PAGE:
We know that video games can provide hours of entertainment and that they serve as a meeting point for groups with common interests. But they also provide different perspectives on the world and can even help people reinforce their cultural identity with the representations that appear in games.
However, for someone of Latino origin, it is difficult to identify with a character when most games have a white male as the protagonist, who displaces the other races to secondary roles, such as the companion of the hero or the antagonist.
Finding Latino characters who have a significant role in a triple A game is difficult, but finding some who are not stereotyped and who are not portrayed in a superficial way is even more difficult.
At a general level, if they are not Mexican wrestlers in fighting games – like King of Tekken, The Fort of Street fighter iv and The Blaze of Virtual fighter 5– Latinos are portrayed as temperamental thugs and traitors. For the most part, they take the role of the criminal, dividing the role between drug traffickers and gang members or people who live in tribes.
In addition, they usually appear on stage with an exaggerated accent (or speaking spanglish) and with unflattering characteristics. And the worst thing is that this has only helped to enhance stereotypes and prejudices about the Latino community.
Some examples of this are the villains Vaas Montenegro of Far cry 3 and Atoq Navarro from Uncharted: Drake’s Fortune. The first is a warrior who became an impulsive and unstable drug addict, and the second is a leader of a mercenary group who betrayed the person who raised him from a young age.
Rockstar Games titles have also been known to include non-playable Latino characters with a high level of stereotypes. On Red dead redemption Abraham Reyes appears, who begins as a noble leader of a revolution and then is the president of Mexico. However, in the end he becomes exactly what he intended to destroy at first: a tyrant.
On the other hand, in the Grand Theft Auto saga fictitious members and leaders who are part of a criminal organization have appeared (Vice city) and gangs with cliche names like “Los Cholos” (Vice City Stories) or “Varrios Aztecas” (San Andreas).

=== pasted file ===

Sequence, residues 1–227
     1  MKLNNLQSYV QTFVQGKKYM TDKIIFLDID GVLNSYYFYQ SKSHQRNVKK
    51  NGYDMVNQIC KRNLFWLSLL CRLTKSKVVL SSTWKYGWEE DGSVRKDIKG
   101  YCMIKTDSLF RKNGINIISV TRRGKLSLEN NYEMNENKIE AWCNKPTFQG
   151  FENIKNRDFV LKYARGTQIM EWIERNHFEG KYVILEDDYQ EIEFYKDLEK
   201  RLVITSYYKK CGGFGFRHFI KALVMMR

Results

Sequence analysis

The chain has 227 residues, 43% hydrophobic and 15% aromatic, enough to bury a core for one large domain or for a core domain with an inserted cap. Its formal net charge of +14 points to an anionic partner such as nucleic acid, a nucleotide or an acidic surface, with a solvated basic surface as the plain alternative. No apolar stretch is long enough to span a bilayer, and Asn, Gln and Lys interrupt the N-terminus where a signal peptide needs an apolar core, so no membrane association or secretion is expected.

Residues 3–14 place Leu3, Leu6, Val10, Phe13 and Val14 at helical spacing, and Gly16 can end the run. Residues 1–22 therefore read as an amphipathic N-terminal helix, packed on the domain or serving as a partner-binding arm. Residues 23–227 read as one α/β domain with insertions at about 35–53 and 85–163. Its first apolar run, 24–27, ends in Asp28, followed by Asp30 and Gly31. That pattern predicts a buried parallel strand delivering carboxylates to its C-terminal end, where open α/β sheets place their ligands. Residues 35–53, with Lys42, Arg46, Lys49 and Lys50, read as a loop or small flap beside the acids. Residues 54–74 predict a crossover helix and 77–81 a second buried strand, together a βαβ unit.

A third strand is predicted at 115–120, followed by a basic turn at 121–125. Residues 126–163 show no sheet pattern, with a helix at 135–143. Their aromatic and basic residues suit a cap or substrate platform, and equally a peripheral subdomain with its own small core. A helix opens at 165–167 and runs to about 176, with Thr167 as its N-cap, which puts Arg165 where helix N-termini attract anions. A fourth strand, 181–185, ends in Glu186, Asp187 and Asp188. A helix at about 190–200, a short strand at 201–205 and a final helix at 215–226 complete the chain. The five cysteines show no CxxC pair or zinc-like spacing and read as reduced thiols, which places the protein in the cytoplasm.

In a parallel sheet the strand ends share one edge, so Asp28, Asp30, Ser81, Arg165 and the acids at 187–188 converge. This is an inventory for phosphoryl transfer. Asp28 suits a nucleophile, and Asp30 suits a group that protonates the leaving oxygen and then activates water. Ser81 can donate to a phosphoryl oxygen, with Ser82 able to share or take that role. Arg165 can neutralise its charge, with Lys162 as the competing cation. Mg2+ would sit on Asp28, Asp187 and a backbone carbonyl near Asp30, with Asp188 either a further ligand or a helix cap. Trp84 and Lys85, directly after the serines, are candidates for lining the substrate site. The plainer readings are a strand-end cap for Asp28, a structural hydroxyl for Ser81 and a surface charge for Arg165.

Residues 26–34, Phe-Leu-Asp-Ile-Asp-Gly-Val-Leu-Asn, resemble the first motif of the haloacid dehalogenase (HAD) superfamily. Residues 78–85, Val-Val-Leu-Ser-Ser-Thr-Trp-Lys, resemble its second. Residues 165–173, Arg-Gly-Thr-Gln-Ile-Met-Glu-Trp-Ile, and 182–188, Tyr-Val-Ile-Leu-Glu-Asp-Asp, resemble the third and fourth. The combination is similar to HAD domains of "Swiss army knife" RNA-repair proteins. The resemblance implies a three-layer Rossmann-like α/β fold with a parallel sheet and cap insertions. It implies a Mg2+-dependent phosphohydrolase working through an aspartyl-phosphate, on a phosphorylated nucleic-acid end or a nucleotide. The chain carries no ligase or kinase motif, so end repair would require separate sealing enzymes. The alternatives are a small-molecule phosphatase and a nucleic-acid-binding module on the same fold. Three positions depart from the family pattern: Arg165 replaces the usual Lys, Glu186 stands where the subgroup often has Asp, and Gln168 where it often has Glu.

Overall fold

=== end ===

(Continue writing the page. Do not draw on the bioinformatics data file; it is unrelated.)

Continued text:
Now, what about the titles starring Latino characters? At least two games fall into this category: Shadows of the Danmed with Garcia Hotspur and the popular Just cause with Rico Rodríguez. In fact, this charismatic CIA agent has starred in four titles under that franchise, which is quite an achievement for the Latino community.
On the other hand, there is the expansion Grand Theft Auto: The Ballad of Gay Tony, which stars Luis López, a 25-year-old of Dominican descent. Although Luis is a gang member and has a criminal past, through interactions throughout the game he grows as a character and it is seen that he has the potential to get out of his troubled environment.
On the other hand, there are games that include Latino characters, but they are only playable optionally or the protagonism is distributed with other characters. This is the case of Dominic Santiago in Gears of war, Mordecai in Borderlands, Tyson Rios in Army of Two, Carlos Oliveira in Resident Evil: Operation Raccoon City and Billy Candle in Call of Juarez.
Although they are all stereotyped on some level, there are characters who are loved by the Latino community and who have had more development as their franchises launch new titles.